Usually what happens is that people are then able to say stuff like: “Oh, I didn’t really want option 2“, so you can at least rule that out. Often they’ll reveal (or you can ask) which number they were hoping for. You’ll also find people asking to do “best of three rolls” etc, which is also revealing about which options are important to them.

Another thing I like about this hack is that even people who are  unaware consciously of what they want or who find it difficult to express it, can be very reluctant to let fate decide for them and are likely to over-rule what the die chooses in favour of the ‘right’ option.

I suspect there’s a cultural bias here, so if you’re working with multi-national teams or in countries where the culture is less deterministic, some people may actually be more happy to let fate decide, so watch out for that.

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Decision Making Hacks for Teams: Part 1

How groups of people can get to properly informed, timely and committed decision-making without too much struggle

Four problems tend to get in the way when teams and groups come together for decision-making:

  • individuals are sometimes reluctant to say what they think, if that might conflict with other people’s views;
  • intuitive people struggle find a ‘logical’ justification for what their gut is telling them, and have no way to feed that information into the decision-making process;
  • the options can be fairly well-balanced with no outstandingly obvious choice;
  • when there are more than three or four factors that might influence the decision it’s tough to keep them all in mind and weigh them up at the same time.

I’ve spent over 20 years helping teams and groups make good, timely decisions and have a small kit-bag of tricks to help the decision-making process along.

Here’s my first hack, which is really good for letting people express a preference without too much risk of exposure and in a way that helps the process be a little more fun:

If you and your team have a decision to make, list out all your options and get people to vote for them. Give people a number of points that they can spread amongst the options as they see fit. So, for example, if you’ve got five options, give them something like 4 points that they can apply as they want.

You can see from the photo that, in this example, Options 2 and 3 are tied for first place, with 4 points each. Now, here’s the fun part – give everybody a Joker card and allow them to double their original vote for one of the options.

Playing their Joker gives people to the chance to show which option they are really committed to and makes it enough of a game to get over their reluctance to conflict with other people. This hack has got me through several difficult boardroom decision-making struggles, especially when there are power-plays and alliances operating behind the scenes.

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Men and Organisational Politics

The three kinds of men who fall foul of organisational politics and why

I’m sometimes asked to work with a man who has got on the wrong end of the small-p politics in an organisation. These men are often one of three types:

1. A direct, action-oriented type
This kind of man often has a great straight-forwardness about him and a high-level of intuitive, natural leadership. Sometimes these strengths make him frustrated and ineffective in dealing with what he sees as the cowardly caution and game-playing of people with different styles of behaviour;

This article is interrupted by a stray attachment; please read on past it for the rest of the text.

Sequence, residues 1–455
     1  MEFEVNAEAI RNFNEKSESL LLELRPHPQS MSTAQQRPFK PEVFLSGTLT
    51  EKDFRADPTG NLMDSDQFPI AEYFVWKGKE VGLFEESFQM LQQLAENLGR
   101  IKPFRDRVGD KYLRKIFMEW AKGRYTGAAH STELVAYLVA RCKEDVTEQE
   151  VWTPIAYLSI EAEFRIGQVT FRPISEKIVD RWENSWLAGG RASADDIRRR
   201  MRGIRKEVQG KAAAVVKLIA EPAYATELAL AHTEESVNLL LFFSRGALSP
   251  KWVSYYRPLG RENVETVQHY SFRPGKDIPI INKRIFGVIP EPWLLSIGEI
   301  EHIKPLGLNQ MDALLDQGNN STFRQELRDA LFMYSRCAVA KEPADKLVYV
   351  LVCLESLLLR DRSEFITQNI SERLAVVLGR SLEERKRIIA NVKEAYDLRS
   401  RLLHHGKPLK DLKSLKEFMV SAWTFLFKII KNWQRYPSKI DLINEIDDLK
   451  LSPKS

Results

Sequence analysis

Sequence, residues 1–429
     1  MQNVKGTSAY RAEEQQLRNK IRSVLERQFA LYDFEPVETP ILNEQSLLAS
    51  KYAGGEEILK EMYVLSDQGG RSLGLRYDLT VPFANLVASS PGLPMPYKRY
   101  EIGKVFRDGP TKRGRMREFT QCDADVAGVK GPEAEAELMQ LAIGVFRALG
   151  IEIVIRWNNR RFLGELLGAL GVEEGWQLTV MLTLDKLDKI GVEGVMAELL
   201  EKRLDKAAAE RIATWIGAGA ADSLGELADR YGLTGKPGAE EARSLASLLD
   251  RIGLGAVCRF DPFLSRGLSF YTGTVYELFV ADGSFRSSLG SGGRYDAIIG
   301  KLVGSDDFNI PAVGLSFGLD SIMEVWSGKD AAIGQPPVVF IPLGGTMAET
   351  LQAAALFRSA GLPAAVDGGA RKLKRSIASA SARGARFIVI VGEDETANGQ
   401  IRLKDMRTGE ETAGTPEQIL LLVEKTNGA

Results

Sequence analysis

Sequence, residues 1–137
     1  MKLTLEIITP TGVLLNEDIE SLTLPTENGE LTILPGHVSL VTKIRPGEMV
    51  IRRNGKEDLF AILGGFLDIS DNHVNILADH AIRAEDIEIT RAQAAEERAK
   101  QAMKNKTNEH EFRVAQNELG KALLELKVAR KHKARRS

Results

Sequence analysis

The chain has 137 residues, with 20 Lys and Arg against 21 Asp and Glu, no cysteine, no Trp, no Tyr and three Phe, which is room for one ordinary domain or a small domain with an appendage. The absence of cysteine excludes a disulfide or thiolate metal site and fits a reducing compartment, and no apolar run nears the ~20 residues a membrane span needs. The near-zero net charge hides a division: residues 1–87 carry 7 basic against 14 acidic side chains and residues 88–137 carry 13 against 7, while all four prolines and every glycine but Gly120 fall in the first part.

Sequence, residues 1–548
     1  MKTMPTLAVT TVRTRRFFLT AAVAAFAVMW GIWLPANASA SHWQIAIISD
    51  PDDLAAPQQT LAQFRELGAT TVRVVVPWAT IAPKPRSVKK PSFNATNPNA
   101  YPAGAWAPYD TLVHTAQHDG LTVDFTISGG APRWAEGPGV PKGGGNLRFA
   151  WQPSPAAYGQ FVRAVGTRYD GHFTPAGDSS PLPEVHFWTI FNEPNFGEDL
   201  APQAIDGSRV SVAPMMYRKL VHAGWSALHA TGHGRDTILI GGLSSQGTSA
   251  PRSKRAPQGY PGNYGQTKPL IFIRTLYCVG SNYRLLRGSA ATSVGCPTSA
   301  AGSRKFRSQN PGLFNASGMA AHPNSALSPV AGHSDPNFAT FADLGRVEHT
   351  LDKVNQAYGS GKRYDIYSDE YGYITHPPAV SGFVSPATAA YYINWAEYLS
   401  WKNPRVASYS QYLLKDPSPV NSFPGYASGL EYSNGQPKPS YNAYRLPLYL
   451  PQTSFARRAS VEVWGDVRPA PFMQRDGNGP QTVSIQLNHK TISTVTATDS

2. A highly-principled, morally-astute type
This kind of man has a strong sense of right, wrong and justice; often combined with an ability to ‘see’ the outcome of complex decisions and chains of events. Organisations often seem to him to have ambiguous values – to say one thing and then do another, or to take the easiest, most expedient route, rather than the ‘right’ one;

3. A focused, do-the-job-right type
This kind of man has a gift for making things work well, for knowing how to tinker and fix his specific part of the organisation until it is running like a well-oiled machine. He might feel particularly lost when the bigger-picture objectives of the organisation are inefficient, or at cross-purposes or put the smooth-running of his territory at a lower-priority than something else – as they often do!

In these situations, I’ve found it crucial to remember that these are strengths that have got things to this point, not weaknesses. It’s just that they may not be the most appropriate strengths for him to apply right now. We need to step away from: “You’re doing something wrong”, which is what the organisation or the system seems to be telling him – just when he is trying very hard to apply what he knows. Then we can head towards new ways of looking at how other people behave and how to relate to that, or to new capabilities that broaden the range of strengths he can apply.

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Motivation: Towards Pleasure and Away From Pain

Keep an eye out over the next few days to observe and discover something new about your own motivations and those of the people around you. Here’s how.

Did you know that people tend to operate either a Towards or an Away-From motivation pattern? And that this can change from one context to another?

Motivation Towards tends to show up as positive, goal-seeking reward-based behaviour; focusing on what could go right.
Motivation Away-From tends to focus on avoiding problems and pain; on what might go wrong.

Both are useful in different contexts. When I’m chairing the audit committee in a hospital, it really helps to have people around who can focus on what can go wrong, or on what’s not working. When I’m looking to win a new contract, it really helps that my associates are positive, can-do people.

It used to be thought that these “Meta-programmes” (thought processes that guide and direct the sorting of our perceptions) were fixed and unchangeable. We now know that this isn’t true and that it is possible to choose.

As with almost everything, being aware is what counts. Being aware of what habits we are operating ourselves and of whether other people are in Towards or Away-From mode. Only then can we choose which is actually most helpful for ourselves and for our influence with others.